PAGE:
Barnbow Canaries

You may remember Alice Nutter dressed as a nun with a fag in her hand as part of anarchist band Chumbawamba. Ten years ago Alice left the band and began a new career as a playwright. Her latest play is something close to the hearts of most of us in the East Leeds area, a play about Barnbow called ‘Barnbow Canaries.’

“Even though I’ve lived in Leeds since the early eighties, I hadn’t heard of Barnbow until an idea was put to me by West Yorkshire Playhouse artistic director James Brining. I went off to do some research and realised it wasn’t just a story of the biggest disaster to hit Leeds but a story of Leeds working class women in the war and how they were morally shafted at the end of it.”

For those not familiar, Barnbow made ammunition by the shed load in World War One. As most of the men were either too young, too old, in the trenches or in coffins, the manufacture was left in the capable hands of local ladies, the ‘Barnbow Lasses.’

Barnbow-canariesAlice-Nutter“They were paid about £3 a week, when the average wage at the time was about 2/6. All the women and girls working in the factory were supposed to be between 18 and 38 but some lied about their ages to get work there because of the financial freedom it would give them and as well as having money in their pockets, there were very few men about to tell them what to do.”

Despite the new found freedoms, life was hard and the work was demanding and dangerous. Between 1916-18 there were three accidents, the worst of which was an explosion on 5th December 1916 which claimed the lives of thirty five women who worked in Room 42 and were nicknamed ‘Barnbow Canaries’.

Nobody is quite sure if it was a trigger mechanism or a mixture of chemicals which caused the explosion. The tragedy was never really made public so as not to affect morale both at home and on the front line. Although the blanket ban of secrecy was lifted six years later, none of the Leeds women who died ever got obituaries or recognition. One of the girls Edith Sykes was only 15 when she was killed by the explosion. Many more were injured and maimed and needed to go in convalescence homes, which was paid for by their fellow workers chipping in. No help was forthcoming from the government.

“The Barnbow Canaries produced and packed the shells. They worked with a chemical called TNT, which carried serious health issues, including turning the skin yellow, hence the nickname. The factory actually had its own dairy farm and there was a mistaken belief the endless supply of milk would help turn the skin back to its original colour. There were other side effects, both irritative and toxic, apparently the government became aware of the health risks in 1916 but didn’t address the situation.”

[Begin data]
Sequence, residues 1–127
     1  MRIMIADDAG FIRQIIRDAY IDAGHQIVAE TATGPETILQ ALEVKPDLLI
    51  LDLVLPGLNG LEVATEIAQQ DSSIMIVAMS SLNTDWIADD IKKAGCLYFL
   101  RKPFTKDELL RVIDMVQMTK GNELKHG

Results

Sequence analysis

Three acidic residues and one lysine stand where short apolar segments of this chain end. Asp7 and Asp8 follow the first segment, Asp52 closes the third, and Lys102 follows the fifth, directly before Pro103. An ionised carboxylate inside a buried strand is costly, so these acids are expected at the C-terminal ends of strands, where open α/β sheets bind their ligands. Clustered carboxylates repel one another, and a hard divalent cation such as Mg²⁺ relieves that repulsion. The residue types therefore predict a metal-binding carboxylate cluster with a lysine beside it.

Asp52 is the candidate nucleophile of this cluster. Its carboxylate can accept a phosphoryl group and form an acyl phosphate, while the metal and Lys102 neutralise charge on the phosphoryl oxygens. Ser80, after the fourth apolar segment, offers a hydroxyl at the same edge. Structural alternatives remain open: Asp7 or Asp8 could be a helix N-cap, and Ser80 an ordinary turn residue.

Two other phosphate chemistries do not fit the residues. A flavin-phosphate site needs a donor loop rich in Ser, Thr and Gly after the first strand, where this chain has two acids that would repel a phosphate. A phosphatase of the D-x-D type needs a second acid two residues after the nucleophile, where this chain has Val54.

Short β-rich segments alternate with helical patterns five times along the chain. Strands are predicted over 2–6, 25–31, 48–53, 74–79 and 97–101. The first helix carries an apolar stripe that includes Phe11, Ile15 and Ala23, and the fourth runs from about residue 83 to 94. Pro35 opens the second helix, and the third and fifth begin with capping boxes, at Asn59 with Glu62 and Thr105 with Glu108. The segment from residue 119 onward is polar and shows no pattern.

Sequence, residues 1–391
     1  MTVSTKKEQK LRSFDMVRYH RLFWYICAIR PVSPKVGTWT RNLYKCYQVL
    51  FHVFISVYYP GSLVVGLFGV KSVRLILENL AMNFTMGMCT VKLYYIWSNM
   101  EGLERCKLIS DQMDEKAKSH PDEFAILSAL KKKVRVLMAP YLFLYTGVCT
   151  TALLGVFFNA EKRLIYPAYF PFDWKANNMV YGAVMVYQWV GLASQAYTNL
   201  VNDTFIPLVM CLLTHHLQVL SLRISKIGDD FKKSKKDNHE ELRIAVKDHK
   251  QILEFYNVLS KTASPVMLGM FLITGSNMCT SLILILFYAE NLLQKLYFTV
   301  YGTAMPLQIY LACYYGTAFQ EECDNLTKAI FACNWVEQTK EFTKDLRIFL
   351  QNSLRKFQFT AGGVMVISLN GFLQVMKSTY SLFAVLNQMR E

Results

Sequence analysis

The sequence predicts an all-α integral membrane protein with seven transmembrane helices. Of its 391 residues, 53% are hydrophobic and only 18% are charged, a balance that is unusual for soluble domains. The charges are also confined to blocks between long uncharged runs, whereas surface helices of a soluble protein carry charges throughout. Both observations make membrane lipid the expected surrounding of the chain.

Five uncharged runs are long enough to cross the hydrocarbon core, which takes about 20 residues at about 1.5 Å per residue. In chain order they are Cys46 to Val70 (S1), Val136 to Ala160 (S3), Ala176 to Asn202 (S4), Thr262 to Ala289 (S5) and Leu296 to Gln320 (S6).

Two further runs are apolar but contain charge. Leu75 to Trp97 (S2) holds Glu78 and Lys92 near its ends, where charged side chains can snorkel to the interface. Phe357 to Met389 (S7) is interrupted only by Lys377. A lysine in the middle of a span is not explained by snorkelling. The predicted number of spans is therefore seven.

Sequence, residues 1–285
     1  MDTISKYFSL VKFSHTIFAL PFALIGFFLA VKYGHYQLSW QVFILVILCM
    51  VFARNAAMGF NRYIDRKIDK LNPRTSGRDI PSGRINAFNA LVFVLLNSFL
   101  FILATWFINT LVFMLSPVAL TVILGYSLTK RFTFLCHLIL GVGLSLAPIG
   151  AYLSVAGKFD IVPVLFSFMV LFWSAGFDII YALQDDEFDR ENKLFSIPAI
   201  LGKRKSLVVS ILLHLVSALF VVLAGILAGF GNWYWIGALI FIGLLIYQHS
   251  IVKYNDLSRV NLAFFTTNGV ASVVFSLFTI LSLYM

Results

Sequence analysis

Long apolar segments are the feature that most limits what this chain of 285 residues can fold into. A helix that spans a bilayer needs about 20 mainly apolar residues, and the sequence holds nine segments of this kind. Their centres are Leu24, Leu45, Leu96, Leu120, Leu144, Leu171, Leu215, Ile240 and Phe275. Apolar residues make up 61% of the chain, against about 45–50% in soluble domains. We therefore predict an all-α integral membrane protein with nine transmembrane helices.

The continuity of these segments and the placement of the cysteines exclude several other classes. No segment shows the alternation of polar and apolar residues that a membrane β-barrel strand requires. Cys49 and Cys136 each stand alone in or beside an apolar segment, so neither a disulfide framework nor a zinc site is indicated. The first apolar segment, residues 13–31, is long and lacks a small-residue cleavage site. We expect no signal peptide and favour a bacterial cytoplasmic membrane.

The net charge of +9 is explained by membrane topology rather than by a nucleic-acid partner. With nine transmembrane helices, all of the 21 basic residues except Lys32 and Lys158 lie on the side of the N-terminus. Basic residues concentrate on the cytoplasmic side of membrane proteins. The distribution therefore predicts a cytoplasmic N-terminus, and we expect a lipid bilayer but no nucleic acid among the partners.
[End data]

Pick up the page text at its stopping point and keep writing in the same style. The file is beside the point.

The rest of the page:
After the war ended, the suffering of the Barnbow Lassies continued, many were dogged by ill health and out of work. Meanwhile, the government reneged on a deal made with the Suffragette movement when the war began, which promised all women the right to vote when things got back to normal. In return, the Suffragettes had stopped their agitation and used their influence to get behind the war effort. Sure enough, when the war ended, women got the vote but only if they were over thirty and were property owners, which ruled out virtually all working class women.

“When the women took on traditionally male jobs, it was classed as ‘For the Duration,’ which meant for as long as the war continued or was necessary. After the war most of the women were made redundant and found themselves back where they started, only worse, they’d experienced freedom of some kind, they had done high risk work and earned little recognition, now they were told it would be unpatriotic to take a job a man could do. And the final slap in the face, they weren’t granted the right to vote for another ten years. The deaths and the sacrifices weren’t properly recognised till the 1990’s when East Leeds Local History group started to delve into Barnbow.”

Talking with Alice about the hardships suffered by the Barnbow Lassies made us glad we live in more enlightened times…
A local workforce and community shafted by a British government? Surely that’s never happened in our lifetimes.

A piece of history set in your own back garden,
the whole of East Leeds should turn out for this.





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